Seeing Opportunity, Carlyle Goes on a Buyout Binge

Seeing Opportunity, Carlyle Goes on a Buyout Binge

REUTERS/Keith Bedford

Deals, deals, deals.

Global merger and acquisition activity may be in the doldrums, but don’t tell that to the folks in the private equity arena, or at Carlyle Group (CG) in particular. Dealmakers at Carlyle have been on a buying binge in recent weeks, snapping up an array of iconic companies. This week, they agreed to a buyout of Getty Images in a partnership with company management, paying $3.3 billion to acquire the stock-photo agency from another LBO shop, Hellman & Friedman. Also this week: news that Carlyle will be a key player in a $3.5 billion proposed buyout of Chinese advertising firm Focus Media (FMCN), now in the process of trying to delist from Nasdaq.

Indeed, Carlyle has emerged as the single most active private equity firm in the leveraged buyout universe over the last 12 months, moving up from fourth place a year ago in the league tables compiled by Thomson Reuters. In that period, it has agreed to or completed some 19 leveraged buyouts with a cost to the acquirer of $14.08 billion. (That figure includes the net debt on the balance sheets of the companies being acquired, but not the debt used to finance the transactions.) The runners up – BC Partners, Apollo and KKR – have completed less than half as many deals and have invested only $9.2 billion to $10.03 billion in those LBOs in the last 12 months.

Carlyle does seem to be on a bit of a tear, and its acquisitions have been eclectic, to put it mildly. A stock-photo agency, a controlling stake in an asset management company (TCW, formerly a division of French bank Société Générale), an industrial pumps business from United Technologies (UTX), a stake in a railway company, an auto-paint business – these are just some of the most recent additions to the roster of its portfolio companies. (Intriguingly, the Carlyle dealmaker behind the purchase of TCW from the French bank is Olivier Sarkozy, half brother of the former French president, Nicolas Sarkozy.)

The presidential campaign has attracted a lot of attention to the private equity arena – little of it favorable – thanks to Mitt Romney’s role at Bain Capital, another big buyout firm. But Carlyle, no stranger to controversy, seems to feels that this isn’t the time to adopt a low profile. On the contrary: As the company’s co-CEO, William Conway, pointed out after the newly public Carlyle reported its second-quarter earnings last week, some of its best investments have been made during similarly uncertain and volatile environments.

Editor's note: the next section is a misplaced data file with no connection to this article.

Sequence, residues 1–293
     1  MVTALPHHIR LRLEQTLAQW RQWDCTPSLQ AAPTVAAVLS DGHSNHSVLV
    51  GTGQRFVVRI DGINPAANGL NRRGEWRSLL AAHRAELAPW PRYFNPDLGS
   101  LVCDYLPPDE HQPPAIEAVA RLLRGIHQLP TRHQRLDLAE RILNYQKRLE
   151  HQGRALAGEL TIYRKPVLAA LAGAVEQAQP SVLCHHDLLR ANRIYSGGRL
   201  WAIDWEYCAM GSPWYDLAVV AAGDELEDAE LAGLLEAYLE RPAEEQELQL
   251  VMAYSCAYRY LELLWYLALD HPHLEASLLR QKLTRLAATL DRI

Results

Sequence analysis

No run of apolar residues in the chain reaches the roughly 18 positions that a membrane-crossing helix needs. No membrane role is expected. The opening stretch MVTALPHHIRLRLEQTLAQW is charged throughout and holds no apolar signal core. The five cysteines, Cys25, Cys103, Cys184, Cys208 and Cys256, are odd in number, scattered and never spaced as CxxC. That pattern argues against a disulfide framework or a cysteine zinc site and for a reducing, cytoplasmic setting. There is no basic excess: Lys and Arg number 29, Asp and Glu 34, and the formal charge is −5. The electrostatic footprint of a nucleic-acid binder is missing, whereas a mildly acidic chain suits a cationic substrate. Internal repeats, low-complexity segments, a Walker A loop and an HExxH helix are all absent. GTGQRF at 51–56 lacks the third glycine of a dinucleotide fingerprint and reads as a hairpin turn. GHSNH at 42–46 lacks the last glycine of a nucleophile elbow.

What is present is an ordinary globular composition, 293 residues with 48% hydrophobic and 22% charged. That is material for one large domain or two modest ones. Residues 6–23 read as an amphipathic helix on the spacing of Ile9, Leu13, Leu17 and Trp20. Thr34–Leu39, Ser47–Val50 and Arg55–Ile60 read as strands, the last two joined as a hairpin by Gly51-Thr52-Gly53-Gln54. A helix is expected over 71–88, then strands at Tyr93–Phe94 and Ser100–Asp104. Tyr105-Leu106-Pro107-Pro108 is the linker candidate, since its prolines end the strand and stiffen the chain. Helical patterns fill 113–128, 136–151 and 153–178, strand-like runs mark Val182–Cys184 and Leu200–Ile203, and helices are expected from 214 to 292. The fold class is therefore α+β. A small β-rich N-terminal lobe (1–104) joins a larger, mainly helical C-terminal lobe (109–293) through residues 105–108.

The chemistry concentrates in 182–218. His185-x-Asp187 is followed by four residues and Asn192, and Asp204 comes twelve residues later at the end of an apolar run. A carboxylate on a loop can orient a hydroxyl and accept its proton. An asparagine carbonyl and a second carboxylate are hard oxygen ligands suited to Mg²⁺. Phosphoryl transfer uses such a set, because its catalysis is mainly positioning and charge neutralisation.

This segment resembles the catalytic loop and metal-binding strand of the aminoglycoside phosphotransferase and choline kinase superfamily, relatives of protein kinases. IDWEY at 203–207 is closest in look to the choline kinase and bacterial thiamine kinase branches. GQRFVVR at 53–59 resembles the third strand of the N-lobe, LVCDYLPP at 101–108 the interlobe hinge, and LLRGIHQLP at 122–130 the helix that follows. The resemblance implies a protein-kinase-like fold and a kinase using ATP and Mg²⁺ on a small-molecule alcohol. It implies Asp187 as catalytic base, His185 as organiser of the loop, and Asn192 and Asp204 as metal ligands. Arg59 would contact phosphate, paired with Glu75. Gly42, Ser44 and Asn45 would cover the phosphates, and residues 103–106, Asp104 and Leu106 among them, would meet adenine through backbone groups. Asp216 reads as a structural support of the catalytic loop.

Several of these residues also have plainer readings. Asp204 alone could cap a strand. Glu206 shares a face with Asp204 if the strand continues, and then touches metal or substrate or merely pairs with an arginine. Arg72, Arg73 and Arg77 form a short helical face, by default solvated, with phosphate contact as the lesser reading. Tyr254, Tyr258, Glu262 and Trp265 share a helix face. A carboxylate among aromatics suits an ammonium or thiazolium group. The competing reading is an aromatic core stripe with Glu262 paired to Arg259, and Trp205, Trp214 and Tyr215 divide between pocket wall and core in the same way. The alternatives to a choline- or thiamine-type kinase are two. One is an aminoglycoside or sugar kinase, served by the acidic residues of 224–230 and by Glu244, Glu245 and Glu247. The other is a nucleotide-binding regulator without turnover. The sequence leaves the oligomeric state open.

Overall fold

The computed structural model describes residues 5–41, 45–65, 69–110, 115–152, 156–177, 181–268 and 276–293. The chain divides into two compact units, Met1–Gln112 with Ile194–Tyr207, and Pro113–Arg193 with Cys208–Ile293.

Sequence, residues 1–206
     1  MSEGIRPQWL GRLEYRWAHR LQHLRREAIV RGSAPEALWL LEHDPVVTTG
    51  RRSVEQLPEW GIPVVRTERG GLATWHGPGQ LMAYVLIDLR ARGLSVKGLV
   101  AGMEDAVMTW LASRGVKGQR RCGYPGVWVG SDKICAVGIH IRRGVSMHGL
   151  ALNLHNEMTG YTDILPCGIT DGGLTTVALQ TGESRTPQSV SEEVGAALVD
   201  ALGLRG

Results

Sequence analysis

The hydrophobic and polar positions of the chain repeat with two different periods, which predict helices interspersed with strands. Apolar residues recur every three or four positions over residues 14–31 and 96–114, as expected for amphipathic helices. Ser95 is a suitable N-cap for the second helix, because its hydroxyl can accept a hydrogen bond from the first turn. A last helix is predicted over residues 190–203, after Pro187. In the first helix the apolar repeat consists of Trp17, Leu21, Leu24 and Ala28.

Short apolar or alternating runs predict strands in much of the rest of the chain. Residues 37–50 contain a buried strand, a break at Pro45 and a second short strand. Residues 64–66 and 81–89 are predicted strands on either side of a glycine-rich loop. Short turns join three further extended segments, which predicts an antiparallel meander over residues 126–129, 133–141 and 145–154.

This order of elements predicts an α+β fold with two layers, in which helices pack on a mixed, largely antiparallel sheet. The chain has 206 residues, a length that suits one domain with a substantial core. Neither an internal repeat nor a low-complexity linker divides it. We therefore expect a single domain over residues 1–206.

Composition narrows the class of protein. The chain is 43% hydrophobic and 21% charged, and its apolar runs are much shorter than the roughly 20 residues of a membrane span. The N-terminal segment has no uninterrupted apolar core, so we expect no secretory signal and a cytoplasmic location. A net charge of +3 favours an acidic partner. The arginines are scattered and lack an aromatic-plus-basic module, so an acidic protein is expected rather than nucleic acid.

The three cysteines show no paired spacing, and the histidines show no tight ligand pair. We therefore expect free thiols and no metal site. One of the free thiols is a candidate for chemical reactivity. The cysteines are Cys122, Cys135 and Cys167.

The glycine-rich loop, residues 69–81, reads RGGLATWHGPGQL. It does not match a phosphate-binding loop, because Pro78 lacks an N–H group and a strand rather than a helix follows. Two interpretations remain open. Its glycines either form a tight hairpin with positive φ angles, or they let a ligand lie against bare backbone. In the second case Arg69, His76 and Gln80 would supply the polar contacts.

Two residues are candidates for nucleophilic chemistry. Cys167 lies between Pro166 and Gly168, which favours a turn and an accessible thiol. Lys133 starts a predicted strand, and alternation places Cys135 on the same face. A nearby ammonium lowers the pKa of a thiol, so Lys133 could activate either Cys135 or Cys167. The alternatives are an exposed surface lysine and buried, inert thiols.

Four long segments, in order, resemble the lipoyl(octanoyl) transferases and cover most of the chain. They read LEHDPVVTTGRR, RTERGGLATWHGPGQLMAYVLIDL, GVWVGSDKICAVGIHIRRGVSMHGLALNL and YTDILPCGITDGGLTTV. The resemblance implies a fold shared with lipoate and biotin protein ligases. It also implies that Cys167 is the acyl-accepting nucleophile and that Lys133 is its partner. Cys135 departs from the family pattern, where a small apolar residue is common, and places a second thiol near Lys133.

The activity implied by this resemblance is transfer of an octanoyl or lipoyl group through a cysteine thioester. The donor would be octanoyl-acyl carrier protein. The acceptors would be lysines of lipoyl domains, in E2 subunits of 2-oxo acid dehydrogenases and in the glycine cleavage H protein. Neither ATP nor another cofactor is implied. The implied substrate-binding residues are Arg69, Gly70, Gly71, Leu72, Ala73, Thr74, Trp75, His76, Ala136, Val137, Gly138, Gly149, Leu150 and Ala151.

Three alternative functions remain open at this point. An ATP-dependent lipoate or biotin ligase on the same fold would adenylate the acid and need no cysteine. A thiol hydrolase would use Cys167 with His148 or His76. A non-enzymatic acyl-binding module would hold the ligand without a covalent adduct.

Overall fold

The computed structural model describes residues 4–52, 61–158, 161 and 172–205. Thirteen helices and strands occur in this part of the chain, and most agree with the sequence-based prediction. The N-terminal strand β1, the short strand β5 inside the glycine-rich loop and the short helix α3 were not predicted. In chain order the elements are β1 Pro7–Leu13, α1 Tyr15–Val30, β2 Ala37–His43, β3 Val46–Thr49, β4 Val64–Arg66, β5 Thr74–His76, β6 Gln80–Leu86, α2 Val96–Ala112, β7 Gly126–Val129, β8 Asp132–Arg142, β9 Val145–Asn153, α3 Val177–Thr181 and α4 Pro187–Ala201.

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“Our recent investments reflect the choice opportunities we see today as well as our long-term investment horizon,” he said. And investors in Carlyle’s buyout funds appear happy to provide the dry powder the firm needs to complete these deals: The second quarter was the strongest the LBO firm has witnessed in terms of fundraising since the 2008 financial crisis; it pulled in nearly $4 billion of fresh capital in that period alone.

Investors in Carlyle’s newly issued shares probably aren’t unhappy, either, despite the fact that the company reported a net loss for its first quarter as a public firm thanks in part to writedowns on the value of some of its portfolio companies. Carlyle’s IPO ended up being conservatively priced back in May, at $22 a unit, below the original range of $23 to $25. Today, those units change hands on Nasdaq at $25 a share, having gained ground even as the broader market has wobbled in recent months.

Does Carlyle’s commitment to doing deals, combined with its recent stock price gains, make it a buy? Not if you already had qualms about investing in a private equity company; it’s simply not the same thing as getting the inside track on the deals its bankers believe are the most appealing. Moreover, not all of its funds are doing well – its latest distressed debt vehicle has struggled to attract assets, for instance. Investors need to see that assets are moving to Carlyle and sticking there, since the management fees that Carlyle collects contribute to its financial wellbeing.

Investors taking a bullish stance on Carlyle today need to be convinced that Conway’s upbeat view of the dealmaking prospects is accurate and that the $19 billion of LBO bets it has placed in the last 12 months will pay off. Certainly, the company’s willingness to seize opportunities is intriguing, and it is known for its negotiating prowess. Still, assets under management did dip slightly in the second quarter, from $159.2 billion in the first quarter to $156.2 billion. In the grand scheme of things, that’s a drop in the ocean, but investors are right to be wary.

Still, the wave of dealmaking may mean that if the global economy shows signs of stabilizing and if you’re interested in investing in the shares of an alternative investment manager, Carlyle may be the one to look to. Picking up assets cheaply at the bottom of a valuation cycle is a sign of a savvy manager, and the sheer diversity of the transactions shows that Carlyle is alert to the obvious risks or putting too many of its eggs into a single basket. Looking for some leverage of your own, in this case, to an economic recovery? You could venture further, and fare worse.